How to Wet Sand a New Enamel Paint Jobby Elton Dunn
Wet sanding will turn your new enamel paint job from a spotty, uneven mess into a glazed finish that will make your car gleam. The skills and supplies needed to wet sand your enamel paint job are few, so don't be intimidated. You can perform wet sanding once or refine the enamel with successive sanding. No matter what your personal preference, you'll save money by doing it yourself and maintain your car's finish.
Inspect your enamel paint job under a strong light before you begin. Look for any imperfections, scratches or thick spots. While you may discover new trouble spots when wet sanding, a good inspection before you begin can help you improve your painting skills for next time.
Fill a bucket with cold water. Attach your wet sandpaper to the sanding block. Dip the wet sandpaper into the bucket. To sand a finished enamel paint job, you need to use at least 1000-grit sandpaper. To refine the sanding job further, you can repeat the wet sanding process with 1500-grit sandpaper then finish with 2000-grit sandpaper. The number refers to the size of the sandpaper grit, with the larger numbers indicating smaller particles.
Rub the wet sandpaper along the contours of your enamel paint job using a back-and-forth motion. Do not swirl, make circles or perform any other movement. Dip the wet sandpaper into the bucket frequently to ensure there's enough water on the surface of your car.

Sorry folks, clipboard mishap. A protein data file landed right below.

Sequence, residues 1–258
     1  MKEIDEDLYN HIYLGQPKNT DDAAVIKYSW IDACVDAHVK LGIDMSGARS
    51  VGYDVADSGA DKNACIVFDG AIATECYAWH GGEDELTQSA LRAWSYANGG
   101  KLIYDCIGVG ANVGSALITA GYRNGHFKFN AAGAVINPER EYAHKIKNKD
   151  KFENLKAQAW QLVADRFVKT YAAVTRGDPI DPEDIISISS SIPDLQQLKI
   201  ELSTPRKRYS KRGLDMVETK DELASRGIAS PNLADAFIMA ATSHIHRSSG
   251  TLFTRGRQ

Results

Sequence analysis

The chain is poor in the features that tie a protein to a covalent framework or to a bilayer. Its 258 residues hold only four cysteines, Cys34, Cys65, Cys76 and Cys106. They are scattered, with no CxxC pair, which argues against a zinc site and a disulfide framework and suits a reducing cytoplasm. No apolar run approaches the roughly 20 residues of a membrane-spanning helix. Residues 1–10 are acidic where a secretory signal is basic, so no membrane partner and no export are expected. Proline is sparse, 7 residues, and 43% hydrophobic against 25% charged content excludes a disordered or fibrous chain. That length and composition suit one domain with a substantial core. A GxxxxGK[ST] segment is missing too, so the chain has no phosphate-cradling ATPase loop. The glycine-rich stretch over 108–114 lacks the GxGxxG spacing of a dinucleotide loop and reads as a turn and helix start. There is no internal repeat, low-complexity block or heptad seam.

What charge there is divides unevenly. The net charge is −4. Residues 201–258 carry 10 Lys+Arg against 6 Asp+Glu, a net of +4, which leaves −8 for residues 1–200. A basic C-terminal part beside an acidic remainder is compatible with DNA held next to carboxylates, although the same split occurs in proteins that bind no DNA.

Continue to wet-sand the enamel on the exterior of the car. To sand corners or curves, take the sandpaper off of the sanding block and manually sand the contours. Rinse your sandpaper in the bucket to remove excess enamel flecks; work over the entire surface of the car.
Rinse your car's body with water from a hose or a bucket. Dry the car with cotton cloths or let it air-dry. Inspect your car's finish again, looking for spotty areas. You may want to refine the finish more by wet-sanding again with 1500-grit paper.
Polish the enamel finish with a rubbing compound on a clean cotton rag. Work the rubbing compound into the car's body by scrubbing in small concentric circles. Move over the car, covering the entire body. This will remove any scratches in the finish and prepare the car for wax polishing.
Polish your car with carnauba wax, once you've finished applying the rubbing compound, in the same manner. This brings out the shine in your new enamel paint job.
Things You'll Need
- 1000-grit wet sandpaper
- 1500- and 2000-grit wet sandpaper (optional)
- Sanding block
- Cotton rags
- Rubbing compound
- Carnauba wax
A successful website writer since 1998, Elton Dunn has demonstrated experience with technology, information retrieval, usability and user experience, social media, cloud computing, and small business needs. Dunn holds a degree from UCSF and formerly worked as professional chef. Dunn has ghostwritten thousands of blog posts, newsletter articles, website copy, press releases and product descriptions. He specializes in developing informational articles on topics including food, nutrition, fitness, health and pets.